SRI LANKA ROUNDABOUT (Number 11) – Books galore
by Royston Ellis · Published · Updated
A weekly look at Sri Lanka for Jetwing by Royston Ellis
Welcome to Jetwingers around the world to this week’s issue of my regular Jetwing newsletter about Sri Lanka.
If you want a cheap guide book about Sri Lanka, a rare volume about ancient Ceylon, or a few paperback novels to read on the beach, Colombo has a street to thrill book lovers. It’s opposite the traffic island where D R Wijewardena Road meets T B Jayah Road near Maradana railway station.
I discovered these wayside book stalls over 30 years ago when I was looking for books about the history and manufacture of Pure Ceylon Tea. Here I found precious volumes, 1930s novels with art deco covers as well as old copies of Reader’s Digest, culled from the libraries of tea plantation bungalows.
It was due to the influence of the British when they were in Ceylon that these second hand book shops came into existence. A young man from Matara, Premadasa Weeraratne, was invalided out of the British Royal Navy in 1953 and, although he received a pension, he wanted something to do with his life. In the Navy he had noticed how the British officers liked to read. He also noted that British planters were selling up their possessions to return to Britain. Since plantation bungalows contained lots of books that the retiring planters were happy to get rid of, Premadasa saw a business opportunity.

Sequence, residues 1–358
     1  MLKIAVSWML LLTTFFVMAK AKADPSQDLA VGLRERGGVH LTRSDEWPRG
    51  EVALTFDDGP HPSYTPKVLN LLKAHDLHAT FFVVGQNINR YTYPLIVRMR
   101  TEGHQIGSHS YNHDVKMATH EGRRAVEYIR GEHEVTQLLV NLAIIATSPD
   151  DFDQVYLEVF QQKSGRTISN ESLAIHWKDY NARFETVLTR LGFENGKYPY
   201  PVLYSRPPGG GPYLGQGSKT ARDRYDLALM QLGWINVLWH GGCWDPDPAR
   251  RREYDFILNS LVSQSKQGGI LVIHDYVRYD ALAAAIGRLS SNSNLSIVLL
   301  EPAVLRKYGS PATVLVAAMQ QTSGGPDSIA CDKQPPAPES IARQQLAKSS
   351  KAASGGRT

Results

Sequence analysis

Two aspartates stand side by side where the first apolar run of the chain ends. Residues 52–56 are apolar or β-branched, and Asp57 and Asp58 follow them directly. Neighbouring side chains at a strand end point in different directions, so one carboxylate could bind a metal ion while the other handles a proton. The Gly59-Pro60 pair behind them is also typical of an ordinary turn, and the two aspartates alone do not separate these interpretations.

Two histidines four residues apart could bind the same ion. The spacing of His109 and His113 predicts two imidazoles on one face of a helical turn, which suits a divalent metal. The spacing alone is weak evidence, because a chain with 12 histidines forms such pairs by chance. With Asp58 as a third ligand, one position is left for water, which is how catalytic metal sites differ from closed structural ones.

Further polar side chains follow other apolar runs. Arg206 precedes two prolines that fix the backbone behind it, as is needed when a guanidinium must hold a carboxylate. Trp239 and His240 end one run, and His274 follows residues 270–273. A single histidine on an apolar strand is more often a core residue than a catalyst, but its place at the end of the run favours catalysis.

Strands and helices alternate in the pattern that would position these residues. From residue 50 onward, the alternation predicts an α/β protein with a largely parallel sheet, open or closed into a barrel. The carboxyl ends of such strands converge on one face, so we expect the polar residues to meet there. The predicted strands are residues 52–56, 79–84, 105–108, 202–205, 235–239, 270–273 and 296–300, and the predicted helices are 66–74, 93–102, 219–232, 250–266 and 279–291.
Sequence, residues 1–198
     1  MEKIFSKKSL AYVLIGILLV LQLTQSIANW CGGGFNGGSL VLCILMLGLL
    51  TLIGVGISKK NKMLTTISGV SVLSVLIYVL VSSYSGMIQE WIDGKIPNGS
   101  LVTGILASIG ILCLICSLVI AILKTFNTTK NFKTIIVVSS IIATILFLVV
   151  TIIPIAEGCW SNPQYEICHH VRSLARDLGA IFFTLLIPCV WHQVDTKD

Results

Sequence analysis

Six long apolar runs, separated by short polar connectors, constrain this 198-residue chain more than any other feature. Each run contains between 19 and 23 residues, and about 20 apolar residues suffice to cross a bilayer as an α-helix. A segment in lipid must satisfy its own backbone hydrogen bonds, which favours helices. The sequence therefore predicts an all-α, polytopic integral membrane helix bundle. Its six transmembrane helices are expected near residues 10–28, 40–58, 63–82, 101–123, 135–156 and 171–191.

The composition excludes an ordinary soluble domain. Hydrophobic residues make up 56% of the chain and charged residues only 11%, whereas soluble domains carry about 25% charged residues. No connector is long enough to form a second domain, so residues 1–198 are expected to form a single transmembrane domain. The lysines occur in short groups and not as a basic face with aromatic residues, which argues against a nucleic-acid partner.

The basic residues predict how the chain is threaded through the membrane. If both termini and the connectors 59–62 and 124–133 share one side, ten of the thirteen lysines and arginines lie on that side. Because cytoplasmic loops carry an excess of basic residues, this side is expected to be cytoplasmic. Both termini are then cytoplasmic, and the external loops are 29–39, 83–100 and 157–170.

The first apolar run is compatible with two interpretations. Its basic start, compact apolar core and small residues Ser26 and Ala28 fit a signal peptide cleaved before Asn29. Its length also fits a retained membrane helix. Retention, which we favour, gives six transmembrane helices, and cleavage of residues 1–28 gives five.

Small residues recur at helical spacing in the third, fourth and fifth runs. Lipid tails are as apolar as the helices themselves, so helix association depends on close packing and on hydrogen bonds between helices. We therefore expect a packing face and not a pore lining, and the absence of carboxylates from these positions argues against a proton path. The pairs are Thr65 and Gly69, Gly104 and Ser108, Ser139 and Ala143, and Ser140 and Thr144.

He began to collect those books and took to offering them for sale on the streets of Colombo. He soon realised he needed a permanent base for his collection of books, and that’s when he arrived at Maradana, later setting up in D R Wijewardana Mawatha. His original shop is no longer there but his nephew, Sarath Thewarahennadi, also from Matara, is – and he runs Sarath Books. There are now seven second hand book stalls in the same place.
While all the shops stock general books, each one has its own speciality. One shop presents a wall of paperbacks catering for the mass market, another specialises in magazines. At Sarath’s the emphasis is on textbooks, but he also has some rare old volumes, including the third edition of Robert Knox’s book on Ceylon originally published in 1681.
His shop appears to be a disorganised jumble of books but Sarath knows where everything is. “It’s in my memory,” he says cheerfully. “My only filing system is my brain. If someone comes asking for a book by its title, I can name the author, and find the book, if I have it in stock.”
I tried him out when I wanted to re-read Kim by Rudyard Kipling. Sarath thought for a moment and then made a beeline for a shelf high above his head. An assistant brought a chair, he climbed on, and with a cry of triumph, found a Penguin Classic edition of Kim, just Rs250.
Sarath and his colleagues welcome visitors to browse through their stock and their
stalls are open every day, except Poya days, from 9am to 5pm.
Royston Ellis (www.roystonellis.com) is a British author resident in Sri Lanka since 1980.